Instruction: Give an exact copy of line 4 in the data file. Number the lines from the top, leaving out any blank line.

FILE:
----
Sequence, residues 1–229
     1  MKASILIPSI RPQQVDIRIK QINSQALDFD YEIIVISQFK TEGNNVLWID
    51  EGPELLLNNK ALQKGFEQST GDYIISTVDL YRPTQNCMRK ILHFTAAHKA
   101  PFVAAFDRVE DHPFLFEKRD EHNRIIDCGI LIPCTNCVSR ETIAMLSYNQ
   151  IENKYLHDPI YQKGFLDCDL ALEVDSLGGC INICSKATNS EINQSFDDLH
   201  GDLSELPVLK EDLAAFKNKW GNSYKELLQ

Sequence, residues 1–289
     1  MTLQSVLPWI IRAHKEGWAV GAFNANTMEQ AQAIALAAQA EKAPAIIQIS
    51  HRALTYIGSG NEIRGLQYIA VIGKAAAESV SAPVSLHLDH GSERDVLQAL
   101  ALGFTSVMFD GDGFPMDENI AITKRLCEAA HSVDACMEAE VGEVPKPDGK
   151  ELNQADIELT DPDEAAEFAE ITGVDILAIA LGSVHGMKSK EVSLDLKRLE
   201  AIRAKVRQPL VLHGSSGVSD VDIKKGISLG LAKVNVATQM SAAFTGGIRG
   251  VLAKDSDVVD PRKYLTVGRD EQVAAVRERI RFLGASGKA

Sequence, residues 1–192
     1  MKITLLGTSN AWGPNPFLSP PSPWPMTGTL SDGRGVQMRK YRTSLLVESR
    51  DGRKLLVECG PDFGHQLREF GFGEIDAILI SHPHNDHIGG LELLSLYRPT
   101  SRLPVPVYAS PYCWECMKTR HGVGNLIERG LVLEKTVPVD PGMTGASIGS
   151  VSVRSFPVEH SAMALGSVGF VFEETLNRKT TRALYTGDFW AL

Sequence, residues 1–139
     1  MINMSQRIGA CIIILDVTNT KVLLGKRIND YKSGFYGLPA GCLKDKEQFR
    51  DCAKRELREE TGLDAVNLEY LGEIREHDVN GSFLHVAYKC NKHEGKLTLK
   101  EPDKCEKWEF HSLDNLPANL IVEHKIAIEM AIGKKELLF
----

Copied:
   101  PFVAAFDRVE DHPFLFEKRD EHNRIIDCGI LIPCTNCVSR ETIAMLSYNQ